1815, the first they informed him, that came west of the Lake.
Col. ALLEN was then a lad in the employ of Mr. BENTON.
Soon afterwards, Mr. BENTON brought a number of these plows to that
neighborhood and they were sold to most of the principal farmers thereabouts.
They were steel point and sold at the price of $25.
Even at that price, the farmers were not slow to learn that they were a
great improvement on the old “Bull Plow”.
ANGUS pg 181-184
Charles WILLIAMSON never failed to engage his
brother Scotchmen in his employ when opportunity offered, and seldom made a
mistake in so doing. He employed Water
ANGUS to build his mill at Hopeton. The
young Scot was a millwright who had been but a short time in America, having
landed in New York in 1793. He
lived at Hopeton, and worked for Captain WILLIAMSON there and at Bath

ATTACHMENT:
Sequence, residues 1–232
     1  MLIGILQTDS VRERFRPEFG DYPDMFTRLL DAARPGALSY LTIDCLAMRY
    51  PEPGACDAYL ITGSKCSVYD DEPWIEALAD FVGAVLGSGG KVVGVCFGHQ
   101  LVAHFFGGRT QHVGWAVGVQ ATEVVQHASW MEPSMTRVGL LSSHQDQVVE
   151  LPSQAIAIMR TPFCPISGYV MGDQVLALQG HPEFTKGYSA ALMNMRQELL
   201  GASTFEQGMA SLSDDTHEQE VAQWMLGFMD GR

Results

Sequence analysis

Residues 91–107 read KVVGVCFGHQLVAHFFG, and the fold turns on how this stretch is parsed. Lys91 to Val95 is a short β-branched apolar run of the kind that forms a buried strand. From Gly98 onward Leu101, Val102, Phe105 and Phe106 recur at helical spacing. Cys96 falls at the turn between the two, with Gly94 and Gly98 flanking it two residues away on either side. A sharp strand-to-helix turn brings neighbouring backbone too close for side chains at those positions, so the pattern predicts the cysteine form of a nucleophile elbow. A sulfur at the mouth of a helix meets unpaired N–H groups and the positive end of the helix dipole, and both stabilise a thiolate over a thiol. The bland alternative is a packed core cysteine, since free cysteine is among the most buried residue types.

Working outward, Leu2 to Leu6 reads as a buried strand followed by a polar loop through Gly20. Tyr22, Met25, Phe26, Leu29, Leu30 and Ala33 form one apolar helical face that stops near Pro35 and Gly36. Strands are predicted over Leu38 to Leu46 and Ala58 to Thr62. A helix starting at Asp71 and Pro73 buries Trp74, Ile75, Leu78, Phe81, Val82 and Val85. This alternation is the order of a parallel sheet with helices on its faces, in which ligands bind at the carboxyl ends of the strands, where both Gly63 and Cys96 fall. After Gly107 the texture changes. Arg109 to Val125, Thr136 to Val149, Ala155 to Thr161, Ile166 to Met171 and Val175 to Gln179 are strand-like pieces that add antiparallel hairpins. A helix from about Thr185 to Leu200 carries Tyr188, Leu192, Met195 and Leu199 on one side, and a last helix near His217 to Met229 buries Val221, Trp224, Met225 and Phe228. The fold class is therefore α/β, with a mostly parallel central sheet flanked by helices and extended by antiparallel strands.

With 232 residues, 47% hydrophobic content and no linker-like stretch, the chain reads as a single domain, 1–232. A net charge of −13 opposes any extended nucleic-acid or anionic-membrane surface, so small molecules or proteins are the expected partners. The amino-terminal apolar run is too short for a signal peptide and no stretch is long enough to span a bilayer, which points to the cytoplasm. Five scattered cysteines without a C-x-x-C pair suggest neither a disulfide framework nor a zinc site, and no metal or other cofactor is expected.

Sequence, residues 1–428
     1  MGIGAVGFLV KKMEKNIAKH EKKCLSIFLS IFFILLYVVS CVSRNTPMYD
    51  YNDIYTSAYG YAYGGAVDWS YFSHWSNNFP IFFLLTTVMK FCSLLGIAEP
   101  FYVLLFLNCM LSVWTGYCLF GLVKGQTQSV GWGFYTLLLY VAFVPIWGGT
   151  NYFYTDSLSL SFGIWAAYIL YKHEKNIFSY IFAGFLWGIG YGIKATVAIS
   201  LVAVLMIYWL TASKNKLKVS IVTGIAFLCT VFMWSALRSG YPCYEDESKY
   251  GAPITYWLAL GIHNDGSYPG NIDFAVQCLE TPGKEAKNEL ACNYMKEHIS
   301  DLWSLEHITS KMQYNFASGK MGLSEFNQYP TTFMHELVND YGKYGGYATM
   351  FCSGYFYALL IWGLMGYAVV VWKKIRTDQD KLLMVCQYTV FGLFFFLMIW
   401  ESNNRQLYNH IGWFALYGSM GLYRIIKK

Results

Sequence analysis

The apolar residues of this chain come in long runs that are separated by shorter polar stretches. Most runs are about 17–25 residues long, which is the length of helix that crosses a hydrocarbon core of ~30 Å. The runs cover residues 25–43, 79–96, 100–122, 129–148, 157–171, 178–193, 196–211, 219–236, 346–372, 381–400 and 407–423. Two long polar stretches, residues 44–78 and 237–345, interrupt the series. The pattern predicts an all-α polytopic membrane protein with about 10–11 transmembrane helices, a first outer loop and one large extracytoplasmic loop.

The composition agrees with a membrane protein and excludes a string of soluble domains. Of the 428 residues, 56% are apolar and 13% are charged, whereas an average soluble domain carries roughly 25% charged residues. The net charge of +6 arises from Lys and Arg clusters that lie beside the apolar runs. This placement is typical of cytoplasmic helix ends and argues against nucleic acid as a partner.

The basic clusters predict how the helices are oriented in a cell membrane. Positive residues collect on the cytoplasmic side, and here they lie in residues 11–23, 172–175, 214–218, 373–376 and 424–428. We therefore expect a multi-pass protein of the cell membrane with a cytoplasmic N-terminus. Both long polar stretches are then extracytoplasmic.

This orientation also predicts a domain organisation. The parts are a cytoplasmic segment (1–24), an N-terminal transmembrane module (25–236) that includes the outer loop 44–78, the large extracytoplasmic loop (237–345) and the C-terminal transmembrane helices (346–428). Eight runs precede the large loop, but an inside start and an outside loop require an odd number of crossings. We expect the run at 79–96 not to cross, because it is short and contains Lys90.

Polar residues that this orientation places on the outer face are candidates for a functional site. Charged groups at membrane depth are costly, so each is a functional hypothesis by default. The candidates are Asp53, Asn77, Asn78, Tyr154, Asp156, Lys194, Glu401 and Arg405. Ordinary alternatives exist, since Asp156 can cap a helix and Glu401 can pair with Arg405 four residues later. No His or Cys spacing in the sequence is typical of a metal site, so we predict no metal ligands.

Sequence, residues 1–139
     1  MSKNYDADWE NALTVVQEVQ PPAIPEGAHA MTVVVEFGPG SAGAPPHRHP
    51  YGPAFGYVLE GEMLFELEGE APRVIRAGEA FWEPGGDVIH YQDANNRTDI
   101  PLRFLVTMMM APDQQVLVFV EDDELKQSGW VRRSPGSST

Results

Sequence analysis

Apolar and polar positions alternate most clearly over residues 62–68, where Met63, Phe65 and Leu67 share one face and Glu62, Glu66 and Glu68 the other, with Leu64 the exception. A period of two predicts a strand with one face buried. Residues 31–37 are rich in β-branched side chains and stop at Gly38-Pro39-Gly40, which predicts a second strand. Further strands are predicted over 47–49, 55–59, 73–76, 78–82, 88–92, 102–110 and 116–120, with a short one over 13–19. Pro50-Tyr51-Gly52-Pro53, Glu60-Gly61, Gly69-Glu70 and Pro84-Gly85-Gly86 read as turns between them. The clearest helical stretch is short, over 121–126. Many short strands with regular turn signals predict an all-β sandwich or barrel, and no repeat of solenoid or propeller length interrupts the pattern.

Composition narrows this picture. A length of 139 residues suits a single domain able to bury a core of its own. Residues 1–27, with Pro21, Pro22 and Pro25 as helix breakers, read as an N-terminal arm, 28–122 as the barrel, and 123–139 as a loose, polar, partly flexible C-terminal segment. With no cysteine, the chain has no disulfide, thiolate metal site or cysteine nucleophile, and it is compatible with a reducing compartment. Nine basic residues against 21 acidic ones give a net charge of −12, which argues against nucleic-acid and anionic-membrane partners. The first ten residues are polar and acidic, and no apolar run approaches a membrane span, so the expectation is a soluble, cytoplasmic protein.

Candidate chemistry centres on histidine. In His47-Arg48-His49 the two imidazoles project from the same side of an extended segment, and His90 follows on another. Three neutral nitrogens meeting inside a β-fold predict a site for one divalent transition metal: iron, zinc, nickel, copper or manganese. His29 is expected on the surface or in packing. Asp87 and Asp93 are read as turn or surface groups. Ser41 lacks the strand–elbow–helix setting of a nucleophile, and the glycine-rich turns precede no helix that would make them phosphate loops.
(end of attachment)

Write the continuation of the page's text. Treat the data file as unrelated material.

till 1800, when he bought a farm of 114 acres of Benjamin BARTON, on
which he settled the next year. He
went to New York once with a sleigh to get castings for the Hopeton mill.
His son, John, relates among reminiscences given by Mr. ANGUS,
that of a bear hunt, in which he and his neighbor, with several dogs, chased a
bear up the Kashong creek to Bellona, through the saw mill and was only diverted
from running into a house by a woman in the door.
He ran a mile or two further before he took refuge in a tree.
They killed this one and the dogs treed another, which they shot at
sixteen times ineffectually, and only secured by cutting down the tree.
Walter ANGUS was noted for fruit grafting and for having the best
apples in any of the orchards of his day. On
one occasion he took a single bushel of his greenings to the Salt Works at
Syracuse, and received quite a load of salt for them.
He lived on his farm till 1855, when he sold it to his son, David. He went afterwards to Michigan and lived with his daughter, Agnes,